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Former minister Norman Baker called for Scotland Yard to investigate after Michael Fawcett dramatically stepped down as chief executive of The Prince’s Foundation. The charity confirmed Mr Fawcett has temporarily given up the role while allegations relating to his dealings with Sheikh Mahfouz Marei Mubarak bin Mahfouz are investigated by its trustees.
Mr Mahfouz is said to have made several six-figure donations to the foundation, whose central aim is to “regenerate” Dumfries House, an 18th century mansion in Scotland.
He is the holder of an honorary CBE, one rank below a knighthood, which he received from Prince Charles in 2016.
Yesterday, a Sunday newspaper published a letter apparently signed by Mr Fawcett offering to make an application for Mr Mahfouz to be made a knight (KBE) as well as supporting his bid for British citizenship.
The letter, dated August 2017 and addressed to an aide of Mr Mahfouz, acknowledges the sheikh’s “ongoing and most recent generosity”.
The tycoon has stressed he had no expectation of any reward in return for his charitable donations.
A spokesman said Mr Mahfouz had “not had personal or direct communication to either request, influence or made any arrangements regarding citizenship or knighthood with Mr Fawcett, or anyone connected to HRH The Prince of Wales or The Prince’s Foundation”.
The spokesman added: “His Excellency had expressed an interest in applying for citizenship but in the end decided not to pursue that further.”
Lib Dem MP Mr Baker, a former transport minister, said: “It is a criminal offence to sell an honour under the Honours (Prevention of Abuses) Act 1925.
“I shall be writing to the Metropolitan Police Commissioner, Cressida Dick, to ask her to open an investigation.”
Former Palace footman Mr Fawcett was appointed the chief executive of the Prince’s Foundation in 2018 following a reorganisation of Charles’s charities.
He temporarily stepped aside on Saturday.
It is understood that Emily Cherrington, chief operating officer, will take over in the interim, and that the Scottish Charity Regulator has been informed as the Prince’s Foundation is registered in Scotland.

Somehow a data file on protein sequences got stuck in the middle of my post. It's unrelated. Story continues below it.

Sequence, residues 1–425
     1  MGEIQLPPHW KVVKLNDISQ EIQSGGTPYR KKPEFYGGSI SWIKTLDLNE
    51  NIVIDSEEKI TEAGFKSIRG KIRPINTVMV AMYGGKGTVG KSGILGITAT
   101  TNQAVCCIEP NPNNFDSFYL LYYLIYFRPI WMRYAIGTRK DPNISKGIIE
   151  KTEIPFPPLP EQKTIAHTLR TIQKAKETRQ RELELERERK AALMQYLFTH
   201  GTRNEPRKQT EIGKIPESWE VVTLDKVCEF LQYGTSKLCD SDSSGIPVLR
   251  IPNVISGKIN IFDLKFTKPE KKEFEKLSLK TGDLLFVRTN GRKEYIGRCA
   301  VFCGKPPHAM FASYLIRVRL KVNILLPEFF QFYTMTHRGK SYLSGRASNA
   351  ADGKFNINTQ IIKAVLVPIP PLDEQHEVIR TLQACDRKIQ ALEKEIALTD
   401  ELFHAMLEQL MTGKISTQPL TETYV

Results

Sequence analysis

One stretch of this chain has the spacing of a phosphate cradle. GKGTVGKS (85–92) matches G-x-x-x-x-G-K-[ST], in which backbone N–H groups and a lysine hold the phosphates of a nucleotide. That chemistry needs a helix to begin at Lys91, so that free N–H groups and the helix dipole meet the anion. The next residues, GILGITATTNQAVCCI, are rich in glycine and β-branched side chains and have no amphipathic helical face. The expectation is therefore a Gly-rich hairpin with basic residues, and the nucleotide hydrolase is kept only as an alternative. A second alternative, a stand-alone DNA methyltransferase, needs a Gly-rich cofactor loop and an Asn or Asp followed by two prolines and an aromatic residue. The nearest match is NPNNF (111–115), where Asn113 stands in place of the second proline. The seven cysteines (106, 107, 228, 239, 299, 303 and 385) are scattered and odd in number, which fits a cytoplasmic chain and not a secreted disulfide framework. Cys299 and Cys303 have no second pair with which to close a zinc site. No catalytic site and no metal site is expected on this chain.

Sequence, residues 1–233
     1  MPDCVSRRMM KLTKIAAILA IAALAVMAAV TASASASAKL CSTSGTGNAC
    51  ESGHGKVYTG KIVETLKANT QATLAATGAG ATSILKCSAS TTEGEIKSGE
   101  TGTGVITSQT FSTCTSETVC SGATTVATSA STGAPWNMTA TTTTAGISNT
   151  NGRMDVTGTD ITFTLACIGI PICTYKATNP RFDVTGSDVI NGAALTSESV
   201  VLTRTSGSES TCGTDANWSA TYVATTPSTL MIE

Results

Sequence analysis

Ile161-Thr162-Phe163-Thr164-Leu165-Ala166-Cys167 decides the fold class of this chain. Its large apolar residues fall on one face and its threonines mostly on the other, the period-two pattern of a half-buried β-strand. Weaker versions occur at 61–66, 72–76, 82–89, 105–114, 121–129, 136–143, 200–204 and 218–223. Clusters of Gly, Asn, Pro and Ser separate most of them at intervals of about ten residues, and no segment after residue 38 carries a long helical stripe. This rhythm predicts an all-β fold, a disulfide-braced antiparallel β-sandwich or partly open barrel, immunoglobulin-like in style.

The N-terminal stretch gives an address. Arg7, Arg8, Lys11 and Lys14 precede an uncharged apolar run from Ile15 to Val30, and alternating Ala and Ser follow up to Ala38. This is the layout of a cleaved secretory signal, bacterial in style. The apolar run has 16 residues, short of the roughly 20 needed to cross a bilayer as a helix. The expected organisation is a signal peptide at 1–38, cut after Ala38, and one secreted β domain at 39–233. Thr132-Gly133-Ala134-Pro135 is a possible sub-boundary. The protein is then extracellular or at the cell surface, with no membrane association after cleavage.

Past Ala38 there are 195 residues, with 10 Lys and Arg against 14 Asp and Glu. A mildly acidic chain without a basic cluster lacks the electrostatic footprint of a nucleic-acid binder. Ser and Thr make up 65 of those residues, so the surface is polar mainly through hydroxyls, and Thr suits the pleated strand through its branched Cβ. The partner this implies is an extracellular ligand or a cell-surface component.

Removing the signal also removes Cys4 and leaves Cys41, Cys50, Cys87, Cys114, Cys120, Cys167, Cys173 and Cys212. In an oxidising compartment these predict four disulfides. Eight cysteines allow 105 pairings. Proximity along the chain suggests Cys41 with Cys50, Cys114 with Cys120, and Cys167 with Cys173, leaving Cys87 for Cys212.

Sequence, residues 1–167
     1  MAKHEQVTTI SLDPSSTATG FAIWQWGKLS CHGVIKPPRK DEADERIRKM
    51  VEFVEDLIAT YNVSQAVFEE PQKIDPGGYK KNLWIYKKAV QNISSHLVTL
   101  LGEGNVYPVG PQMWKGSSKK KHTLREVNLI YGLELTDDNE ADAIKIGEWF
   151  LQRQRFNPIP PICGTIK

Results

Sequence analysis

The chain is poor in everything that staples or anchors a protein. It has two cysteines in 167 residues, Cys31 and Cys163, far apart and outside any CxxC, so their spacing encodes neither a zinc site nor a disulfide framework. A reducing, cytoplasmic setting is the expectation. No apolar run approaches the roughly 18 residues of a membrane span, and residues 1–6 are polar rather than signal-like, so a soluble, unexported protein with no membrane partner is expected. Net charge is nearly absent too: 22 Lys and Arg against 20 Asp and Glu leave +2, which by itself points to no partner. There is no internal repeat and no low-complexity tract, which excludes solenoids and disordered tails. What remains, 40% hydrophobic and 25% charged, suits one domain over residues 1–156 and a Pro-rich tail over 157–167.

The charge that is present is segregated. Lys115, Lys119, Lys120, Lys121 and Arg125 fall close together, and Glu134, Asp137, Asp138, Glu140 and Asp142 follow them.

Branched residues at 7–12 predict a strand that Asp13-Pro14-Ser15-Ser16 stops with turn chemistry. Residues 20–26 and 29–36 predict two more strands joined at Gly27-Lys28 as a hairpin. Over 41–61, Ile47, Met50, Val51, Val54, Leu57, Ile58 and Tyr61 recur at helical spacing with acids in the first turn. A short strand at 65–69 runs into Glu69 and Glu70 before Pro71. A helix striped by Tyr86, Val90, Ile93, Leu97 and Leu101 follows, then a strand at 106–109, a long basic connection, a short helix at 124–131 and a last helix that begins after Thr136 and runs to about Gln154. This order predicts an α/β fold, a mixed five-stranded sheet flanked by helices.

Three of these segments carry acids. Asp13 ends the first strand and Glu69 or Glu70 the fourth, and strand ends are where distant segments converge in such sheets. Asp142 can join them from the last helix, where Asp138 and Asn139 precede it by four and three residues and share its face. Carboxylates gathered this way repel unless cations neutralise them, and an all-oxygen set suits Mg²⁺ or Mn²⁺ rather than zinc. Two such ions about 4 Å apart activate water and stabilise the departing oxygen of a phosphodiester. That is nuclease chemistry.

A spokeswoman for the charity said: “The Prince’s Foundation takes very seriously the allegations that have recently been brought to its attention and the matter is currently under investigation.”
Mr Fawcett began his royal service in 1981 as a footman to the Queen, rising through the ranks to sergeant footman and then Charles’s assistant valet.
In 2003, he was accused of selling unwanted royal gifts and pocketing a percentage of the proceeds. He was cleared of financial misconduct but resigned.
He continued to work closely with Prince Charles as a freelance fixer and party planner as well as picking up an undisclosed severance package.
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The “cash for honours” allegations came a week after Prince Charles ordered an inquiry into claims that wealthy donors paid £100,000-a-head to dine with him and stay at Dumfries House.
Details of the alleged “cash for access” deal were contained in a leaked email from November 2019.
It revealed that a society “Mr Fixit” would get five percent of the deal.
Prince Charles has severed all his ties with the businessman who insisted it is normal practice for a go-between to take a commission.
A Foreign Office spokesperson said last night: “All nominations for Honorary Awards are subject to the same rigorous scrutiny and probity checks.”
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